Presentation on theme: "Solutions of Nonelectrolytes"— Presentation transcript:
1Solutions of Nonelectrolytes When several nonreacting substances are mixed, three possible types of mixtures may be obtained:a coarse mixture, such as that of salt and sugar;a colloidal dispersion, such as results when fine clay is shaken with watera true solution, obtained when a substance like sugar dissolves in water
2a coarse mixturethe individual particles are readily discernible and may be separated from each other by mechanical means.a colloidal dispersionin a colloidal dispersion the particles are much finer and the heterogeneity is not so readily apparent, the dispersion is, nevertheless, not homogeneous.a true solutionin the true solution the constituents cannot be separated from each other by mechanical means, and every part of the solution is found to be like every other part; i.e., a true solution constitutes a homogeneous phase.
3Unsaturated solutionAny solution which contains less than the amount of solute in saturated solutionSaturated solutionA solution which contains at a given temperature as much solute as it can hold in presence of the dissolving substance is said to be saturated.Supersaturated solutionA supersaturated solution can exist only in the absence of dissolving substance and is at best very unstable. Jarring and stirring may, and introduction of solute will, cause the precipitation of excess solute in solution, leading to the formation of a saturated solution.
4On theoretical grounds it is convenient to subdivide solutions into: (a) solutions of non-electrolytesthe solute dissolved in the solvent persists in molecular, uncharged form and exhibits no tendency to dissociate into electrically charged ions.(b) solutions of electrolytes.the solute dissociates to a greater or lesser degree into ions, increasing thereby the total number of particles in solution.
5Factors Affecting Solubility The extent to which a substance will dissolve in another varies greatly with different substances and depends onthe nature of the solute and solvent,In general, compounds of similar chemical character are more readily soluble in each other than are those whose chemical character is entirely different.completely miscible.completely immiscible.partially miscible.
6the temperatureThe direction in which the solubility of a substance in a solvent changes with temperature depends on the heat of solution. If a substance dissolves at saturation with evolution of heat, the solubility decreases with rising temperature. On the other hand, if a substance dissolves with absorption of heat, the solubility increases as the temperature is raised.the pressureIn general the effect of pressure on solubility is small unless gases are involved.
7Methods of Expressing Solution Concentration Weight basis (a weight basis are temperature- independent):Per cent or fraction of dissolved substance by weight.Weight of dissolved substance per definite weight of one of the constituents.Weight of dissolved substance per definite total weight of solution.Molality-number of moles of dissolved substance per 1 grams of solvent.Mol fraction.
8Volume basis (vary with temperature in a manner dependent upon the thermal expansion of the solution):Per cent or fraction of dissolved substance by volume.Weight of dissolved substance per given volume of solution.Molarity-number of moles of dissolved substance per liter of solution.Normality-number of equivalents of dissolved substance per liter of solution.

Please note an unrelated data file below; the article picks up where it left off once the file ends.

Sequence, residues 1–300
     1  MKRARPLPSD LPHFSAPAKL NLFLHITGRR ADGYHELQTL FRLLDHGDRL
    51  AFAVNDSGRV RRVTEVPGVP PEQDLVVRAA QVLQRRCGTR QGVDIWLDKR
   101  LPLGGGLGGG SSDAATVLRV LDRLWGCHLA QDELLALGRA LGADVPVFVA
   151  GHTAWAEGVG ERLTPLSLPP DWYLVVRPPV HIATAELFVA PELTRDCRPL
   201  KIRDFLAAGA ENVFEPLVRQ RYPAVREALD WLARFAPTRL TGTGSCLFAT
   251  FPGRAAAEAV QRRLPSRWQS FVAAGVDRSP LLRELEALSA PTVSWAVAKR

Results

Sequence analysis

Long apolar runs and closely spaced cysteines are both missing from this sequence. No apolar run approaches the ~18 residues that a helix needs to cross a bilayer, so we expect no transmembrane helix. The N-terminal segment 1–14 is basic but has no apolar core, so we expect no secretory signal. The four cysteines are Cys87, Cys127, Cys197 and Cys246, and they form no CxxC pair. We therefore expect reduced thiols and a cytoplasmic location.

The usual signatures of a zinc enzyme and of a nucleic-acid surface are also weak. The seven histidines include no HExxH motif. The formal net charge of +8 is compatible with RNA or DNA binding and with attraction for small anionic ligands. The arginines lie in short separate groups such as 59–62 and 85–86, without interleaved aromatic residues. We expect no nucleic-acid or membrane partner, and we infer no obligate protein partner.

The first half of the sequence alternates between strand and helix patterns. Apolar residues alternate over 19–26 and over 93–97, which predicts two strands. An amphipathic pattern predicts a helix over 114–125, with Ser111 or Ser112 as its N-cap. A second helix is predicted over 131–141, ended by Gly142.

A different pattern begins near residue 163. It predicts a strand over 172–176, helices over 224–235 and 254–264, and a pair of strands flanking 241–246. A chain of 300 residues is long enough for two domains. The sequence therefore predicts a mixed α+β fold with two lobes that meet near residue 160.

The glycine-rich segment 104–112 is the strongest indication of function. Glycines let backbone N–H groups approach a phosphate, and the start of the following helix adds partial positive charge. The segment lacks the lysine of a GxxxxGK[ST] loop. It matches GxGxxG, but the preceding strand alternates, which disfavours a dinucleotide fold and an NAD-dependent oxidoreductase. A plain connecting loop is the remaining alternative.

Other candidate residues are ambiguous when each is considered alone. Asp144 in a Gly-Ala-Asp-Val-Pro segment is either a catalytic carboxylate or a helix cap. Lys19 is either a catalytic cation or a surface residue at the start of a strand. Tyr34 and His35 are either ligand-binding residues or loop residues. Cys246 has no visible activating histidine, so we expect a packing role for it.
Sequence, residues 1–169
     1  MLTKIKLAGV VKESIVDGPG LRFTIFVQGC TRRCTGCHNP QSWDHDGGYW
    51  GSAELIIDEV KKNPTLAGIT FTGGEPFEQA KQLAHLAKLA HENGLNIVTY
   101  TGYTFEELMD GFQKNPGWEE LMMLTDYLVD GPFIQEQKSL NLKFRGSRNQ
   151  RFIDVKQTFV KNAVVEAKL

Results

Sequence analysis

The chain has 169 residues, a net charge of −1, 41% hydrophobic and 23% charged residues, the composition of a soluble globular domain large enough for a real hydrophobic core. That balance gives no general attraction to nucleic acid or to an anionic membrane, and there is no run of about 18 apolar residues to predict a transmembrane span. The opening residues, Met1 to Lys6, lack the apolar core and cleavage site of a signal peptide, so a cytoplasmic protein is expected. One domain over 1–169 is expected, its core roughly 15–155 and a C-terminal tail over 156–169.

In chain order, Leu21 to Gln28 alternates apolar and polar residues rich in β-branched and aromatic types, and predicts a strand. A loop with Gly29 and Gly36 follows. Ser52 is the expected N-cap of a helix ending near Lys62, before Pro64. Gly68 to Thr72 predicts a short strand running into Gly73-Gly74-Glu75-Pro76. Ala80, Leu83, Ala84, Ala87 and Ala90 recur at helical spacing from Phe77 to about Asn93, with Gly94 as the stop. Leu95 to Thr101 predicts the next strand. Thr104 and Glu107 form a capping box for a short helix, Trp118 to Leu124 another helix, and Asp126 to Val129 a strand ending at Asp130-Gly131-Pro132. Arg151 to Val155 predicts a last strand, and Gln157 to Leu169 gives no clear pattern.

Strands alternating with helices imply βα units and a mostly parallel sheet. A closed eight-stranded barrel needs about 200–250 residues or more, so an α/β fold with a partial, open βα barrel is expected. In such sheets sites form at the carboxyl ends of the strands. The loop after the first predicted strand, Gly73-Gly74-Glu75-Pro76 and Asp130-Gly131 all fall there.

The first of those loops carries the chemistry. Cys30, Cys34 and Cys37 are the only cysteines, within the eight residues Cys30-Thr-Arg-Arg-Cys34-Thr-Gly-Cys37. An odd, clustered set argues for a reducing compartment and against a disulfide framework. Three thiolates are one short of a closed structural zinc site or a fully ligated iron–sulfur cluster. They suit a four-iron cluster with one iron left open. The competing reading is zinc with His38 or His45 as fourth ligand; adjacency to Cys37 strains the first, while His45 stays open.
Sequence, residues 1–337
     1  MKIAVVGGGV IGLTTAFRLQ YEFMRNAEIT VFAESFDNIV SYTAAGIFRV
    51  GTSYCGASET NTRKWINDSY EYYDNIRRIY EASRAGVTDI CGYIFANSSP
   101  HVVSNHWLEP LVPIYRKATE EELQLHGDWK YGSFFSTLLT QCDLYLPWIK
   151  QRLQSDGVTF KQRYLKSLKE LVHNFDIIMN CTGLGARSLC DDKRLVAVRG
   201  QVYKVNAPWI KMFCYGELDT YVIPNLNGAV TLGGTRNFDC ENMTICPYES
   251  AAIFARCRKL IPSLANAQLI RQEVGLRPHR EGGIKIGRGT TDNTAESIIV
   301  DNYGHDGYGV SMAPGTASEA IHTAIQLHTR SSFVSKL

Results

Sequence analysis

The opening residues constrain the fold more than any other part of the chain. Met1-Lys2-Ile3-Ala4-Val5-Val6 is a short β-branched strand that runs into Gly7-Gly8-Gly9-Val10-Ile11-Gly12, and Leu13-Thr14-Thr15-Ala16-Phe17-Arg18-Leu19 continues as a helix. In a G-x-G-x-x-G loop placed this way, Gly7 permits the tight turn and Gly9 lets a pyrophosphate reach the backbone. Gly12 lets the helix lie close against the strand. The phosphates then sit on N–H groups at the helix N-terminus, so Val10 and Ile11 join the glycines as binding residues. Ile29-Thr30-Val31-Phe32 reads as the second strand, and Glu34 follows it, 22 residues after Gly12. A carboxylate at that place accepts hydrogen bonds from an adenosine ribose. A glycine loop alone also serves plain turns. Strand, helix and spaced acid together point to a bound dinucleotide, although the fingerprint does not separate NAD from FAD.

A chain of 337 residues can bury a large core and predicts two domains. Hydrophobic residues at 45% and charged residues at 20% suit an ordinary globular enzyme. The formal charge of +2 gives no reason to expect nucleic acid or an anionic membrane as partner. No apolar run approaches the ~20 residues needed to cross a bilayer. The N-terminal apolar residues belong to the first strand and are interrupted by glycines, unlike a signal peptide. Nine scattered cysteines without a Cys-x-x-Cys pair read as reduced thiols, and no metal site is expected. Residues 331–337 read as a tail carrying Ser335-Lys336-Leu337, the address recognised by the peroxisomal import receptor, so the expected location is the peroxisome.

9Types of SolutionsAlthough solutions with many components can be prepared, attention will be confined to binary solutions, i.e., solutions containing two components only. Since the solvent and solute may be either gaseous, liquid, or solid, the number of possible types namely:Solution of a gas in a gasAll gases are miscible in all proportions, yielding solutions whose physical properties are very nearly additive provided the total pressure is not too high. Under the latter conditions the partial and total pressures are governed by Dalton’s law, the partial and total volumes by Amagat’s law.
10Solution of a liquid in a gas Solution of a solid in a gasThe vaporization of a liquid and the sublimation of a solid into a gas phase may be considered as solution of these substances in a gas.These processes involve first the conversion of the liquid or solid to vapor, and the subsequent solution of the vapor in the gas.Because the vaporization and sublimation pressures of a substance are fixed at any given temperature, the amounts of liquid and solid that can vaporize into a given volume of gas are limited to the amount necessary to establish the equilibrium pressures.
11Solution of a gas in a solid Solution of a liquid in a solidSolution of a solid in a solidSolution of a gas in a liquidSolution of a solid in a liquidSolution of a liquid in a liquid
12The Thermodynamic Properties of a Solution The Gibbs free energy, originally called available energy of a body as such:The greatest amount of work which can be obtained from a given quantity of a certain substance in a given initial state, without increasing its total volume or allowing heat to pass to or from external bodies, except such as at the close of the processes are left in their initial condition.
13Condition for Equilibrium Between Phases The Solution ProcessCondition for Equilibrium Between Phasesthe condition for equilibrium between phases of a pure substance at constant temperature and pressure is that the molar free energy of the substance be the same in all phases.for equilibrium at constant temperature and pressure in a multicomponent system composed of a number of phases, the partial molal free energy of each of constituent must be the same in all the phases.